Thursday, September 27, 2012

Book Review: Zeus and the Rise of the Olympians

There are a few certainties when it comes to Greek myths. There will be violence. There will be monsters. There will be a hero who must overcome all odds. There will be a quest for the hero, introducing him and the audience to new places, new creatures, and new challenges. And somewhere the gods are involved.
Zeus and the Rise of the Olympians is one of the latest mythology offerings from Campfire Publishing (they just released Sundarkaand: Triumph of Hanuman this week!), and adds tot heir impressive library of Greek Myth books.
 The story is the origin of the Olympians, the pantheon of gods who rule from Mt. Olympus, and at the heart of their rise to power is the leader of the group, Zeus. Zeus and his fellow godlings are the children of Chronos, leader of the Titans. Chronos is the child of Ouranos, and Ouranos comes from... well, you get the picture.
 Ouranos is not a good ruler. He is a destructive god, neglecting the infant earth and instead spending his days reveling in his destructive power. Gaea, who wants to put life on the earth, knows it will not happen unless Ouranos is removed from power. She advises her son, Chronus, to take the throne from his father, and Chronus does. Yet, while life does begin to spread across the earth, Chronus proves to be as inept at ruling as his father. Chronus is consumed with keeping his power, and he is haunted by a curse put on him by his father that a son of Chronus would rise up one day and take the throne from him. Believing he can outwit his father's prophetic words, Chronus  devises a brilliant plan to swallow his infant children when they are born. Being immortal, this keeps the baby gods in suspended animation. Chronus' wife Rhea cannot bear the actions of Chronus, and together with Gaea, they devise a plan to save her next child by giving Chronus a rock wrapped like a baby, and then hiding the real infant for years. This is Zeus, and he grows and trains for the day he must confront his father and free his brothers and sisters. From here, the story takes readers through the underworld before Hades, and we see Zeus recruit an army of creatures that were cast away by Ouranos and Chronos for the crime of not being pretty enough. Zeus and his creature army must now confront Chronos and his Titans for control of the world.
 Writer Ryan Foley has crafted a story that goes deeper into the Olympian myths than I was previously aware of. The story builds slowly and moves to a faster pace until the climax of the story. I kept waiting for Zeus to do or say something stupid to generate some justified ill-will from his fellow Olympians, but Foley treats Zeus as ever the hero to the end of the book, which I found refreshing and different. There are a lot of characters to go through in the story, so there is not an opportunity to see any character development. That's not necessarily a bad thing, because to take the additional time to see the characters change and grow would have derailed the the core of the story- how Zues and the Olympians rose to power.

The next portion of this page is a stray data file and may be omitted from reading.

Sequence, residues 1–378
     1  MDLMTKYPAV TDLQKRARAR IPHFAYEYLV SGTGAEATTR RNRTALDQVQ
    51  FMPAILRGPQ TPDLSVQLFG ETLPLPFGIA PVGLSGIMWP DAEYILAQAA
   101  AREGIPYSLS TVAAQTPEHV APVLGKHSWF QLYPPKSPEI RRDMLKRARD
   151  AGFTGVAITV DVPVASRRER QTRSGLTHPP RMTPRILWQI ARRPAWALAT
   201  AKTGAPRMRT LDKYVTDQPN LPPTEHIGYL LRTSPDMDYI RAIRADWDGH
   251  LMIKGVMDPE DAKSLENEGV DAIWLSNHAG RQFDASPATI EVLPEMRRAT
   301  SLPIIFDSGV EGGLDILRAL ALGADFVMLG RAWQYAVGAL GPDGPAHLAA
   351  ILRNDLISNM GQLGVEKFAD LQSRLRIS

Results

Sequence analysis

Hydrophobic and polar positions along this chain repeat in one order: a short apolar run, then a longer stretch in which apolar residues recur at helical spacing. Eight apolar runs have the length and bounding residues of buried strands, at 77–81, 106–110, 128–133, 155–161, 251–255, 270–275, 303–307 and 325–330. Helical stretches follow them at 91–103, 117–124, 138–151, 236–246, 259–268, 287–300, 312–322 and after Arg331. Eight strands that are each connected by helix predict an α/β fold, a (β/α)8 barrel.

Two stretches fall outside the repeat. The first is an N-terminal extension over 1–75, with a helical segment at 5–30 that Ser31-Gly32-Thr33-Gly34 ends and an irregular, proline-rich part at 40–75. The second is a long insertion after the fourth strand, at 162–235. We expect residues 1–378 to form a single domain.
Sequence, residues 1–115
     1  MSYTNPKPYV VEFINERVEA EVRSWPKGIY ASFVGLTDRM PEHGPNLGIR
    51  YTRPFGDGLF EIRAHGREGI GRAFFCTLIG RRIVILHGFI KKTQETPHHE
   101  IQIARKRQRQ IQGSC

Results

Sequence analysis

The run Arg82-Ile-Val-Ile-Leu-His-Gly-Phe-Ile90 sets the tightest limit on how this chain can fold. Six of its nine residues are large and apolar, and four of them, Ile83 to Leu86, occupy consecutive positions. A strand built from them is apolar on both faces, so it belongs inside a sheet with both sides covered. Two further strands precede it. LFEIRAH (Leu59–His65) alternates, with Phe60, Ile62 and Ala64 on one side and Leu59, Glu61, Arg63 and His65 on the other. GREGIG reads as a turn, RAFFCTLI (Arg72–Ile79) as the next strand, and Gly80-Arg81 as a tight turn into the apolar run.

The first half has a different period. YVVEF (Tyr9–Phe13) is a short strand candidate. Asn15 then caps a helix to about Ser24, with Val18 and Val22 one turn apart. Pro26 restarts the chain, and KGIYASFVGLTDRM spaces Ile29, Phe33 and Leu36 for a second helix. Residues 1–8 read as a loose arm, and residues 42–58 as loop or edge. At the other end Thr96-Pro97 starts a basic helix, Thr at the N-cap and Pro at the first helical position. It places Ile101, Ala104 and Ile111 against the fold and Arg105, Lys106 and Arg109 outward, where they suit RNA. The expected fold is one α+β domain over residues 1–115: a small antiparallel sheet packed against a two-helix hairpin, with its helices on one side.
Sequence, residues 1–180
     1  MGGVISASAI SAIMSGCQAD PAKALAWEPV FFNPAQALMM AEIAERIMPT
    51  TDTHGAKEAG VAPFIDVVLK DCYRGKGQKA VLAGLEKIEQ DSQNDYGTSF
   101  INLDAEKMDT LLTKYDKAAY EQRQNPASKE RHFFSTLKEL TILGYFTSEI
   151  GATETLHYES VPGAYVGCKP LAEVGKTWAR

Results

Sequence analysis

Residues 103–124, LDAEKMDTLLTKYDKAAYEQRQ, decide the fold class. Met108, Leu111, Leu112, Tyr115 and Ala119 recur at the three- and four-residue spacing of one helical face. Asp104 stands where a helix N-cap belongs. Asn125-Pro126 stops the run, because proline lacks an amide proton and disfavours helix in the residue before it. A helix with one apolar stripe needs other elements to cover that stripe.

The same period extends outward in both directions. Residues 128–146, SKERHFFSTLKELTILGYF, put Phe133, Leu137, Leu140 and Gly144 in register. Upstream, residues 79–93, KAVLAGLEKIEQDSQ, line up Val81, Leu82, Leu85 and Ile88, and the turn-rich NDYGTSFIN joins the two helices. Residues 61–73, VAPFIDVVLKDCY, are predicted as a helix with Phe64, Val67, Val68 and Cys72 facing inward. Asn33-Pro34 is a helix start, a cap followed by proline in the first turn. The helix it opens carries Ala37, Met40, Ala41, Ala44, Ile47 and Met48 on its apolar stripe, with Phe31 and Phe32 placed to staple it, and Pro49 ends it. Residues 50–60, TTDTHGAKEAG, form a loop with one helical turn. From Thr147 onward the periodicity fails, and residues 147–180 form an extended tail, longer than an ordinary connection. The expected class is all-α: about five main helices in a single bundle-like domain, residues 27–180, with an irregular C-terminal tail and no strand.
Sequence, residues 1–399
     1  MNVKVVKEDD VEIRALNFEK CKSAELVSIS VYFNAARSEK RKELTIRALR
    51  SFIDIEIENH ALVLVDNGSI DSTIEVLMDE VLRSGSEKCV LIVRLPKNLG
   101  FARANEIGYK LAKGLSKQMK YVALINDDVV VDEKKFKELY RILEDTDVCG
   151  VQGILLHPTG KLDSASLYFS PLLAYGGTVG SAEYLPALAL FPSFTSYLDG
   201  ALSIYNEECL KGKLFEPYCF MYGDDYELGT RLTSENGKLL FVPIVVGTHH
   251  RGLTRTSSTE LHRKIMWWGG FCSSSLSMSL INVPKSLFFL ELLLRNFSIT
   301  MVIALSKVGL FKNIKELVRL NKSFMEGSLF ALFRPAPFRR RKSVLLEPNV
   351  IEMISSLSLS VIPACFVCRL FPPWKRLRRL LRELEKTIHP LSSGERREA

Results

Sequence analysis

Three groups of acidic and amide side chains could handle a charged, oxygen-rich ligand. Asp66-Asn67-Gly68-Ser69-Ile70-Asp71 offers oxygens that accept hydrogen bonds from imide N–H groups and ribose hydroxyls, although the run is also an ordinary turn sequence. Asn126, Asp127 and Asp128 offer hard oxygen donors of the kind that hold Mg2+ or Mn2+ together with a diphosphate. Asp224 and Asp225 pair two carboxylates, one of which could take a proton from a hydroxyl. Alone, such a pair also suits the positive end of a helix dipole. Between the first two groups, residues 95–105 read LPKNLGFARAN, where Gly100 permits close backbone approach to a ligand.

Jayakrishnan KP provides the art for the story, which is rendered in a fantastic comic book style, with dark, earthy coloring to set a mood of prevailing doom and gloom, until the end of the story where the color palette changes considerably. Jayakrishnan seems to have researched his backgrounds and architecture of ancient Greece, but he also gets to run free with terrific fantasy designs creating gleaming armor,  darkened palaces, and monsters worthy of nightmares.
 Zeus and the Rise of the Olympians is a great way to introduce older elementary readers to the Greek myths, filling them with the facts of the stories along with two-fisted action.

If you are looking for more great comics based on the Greek myths, Campfire has several:











Also, First Second (:01) has a series that focuses on each of the major gods by George O'Conner.

History of Indian Trail, NC

Almost two years ago, I was approached about doing a series of pictures on the history of Indian Trail, NC. One of the history committee members, Roger Fish, had seen my art for an old map of the county I had made for the library's genealogy display. He liked the kid-friendly, cartoon art that still kept the pictures in their proper eras. Roger would write up short pieces on important events, eras, people and activities in the area and then I would build. Once the pictures were approved the idea was to make a series of plaques for a "history walk" in a new town park that also featured a wonderful bronze bust of what a Native American would have looked like to the earliest settlers.
 Economic conditions have pushed the project to the back, but the committee has not given up on the project. Roger later approached me about coloring the pictures so they could be used for maybe calendars, a small booklet, or cards- all of which the committee could then sell to get the money for the plaques for the park's history walk. With the constant advances being made electronically, several cities have created app with audio/ video tours of their cities. These allow the user to go on a tour at their leisure and to learn facts and history about important places and people while also getting additional views their vantage point may not afford, pictures of "then and now", or illustrations that help tell the stories tied to the place. So I am in the process of coloring the pictures, when I'm not doing art for the church, or working on my own graphic novel project, or tending to my full time or part time job duties, or trying to figure out how to make Return of Mini-Con V happen.






 In the mean time, you can look at some of the b&w and colored art from the project. Enjoy!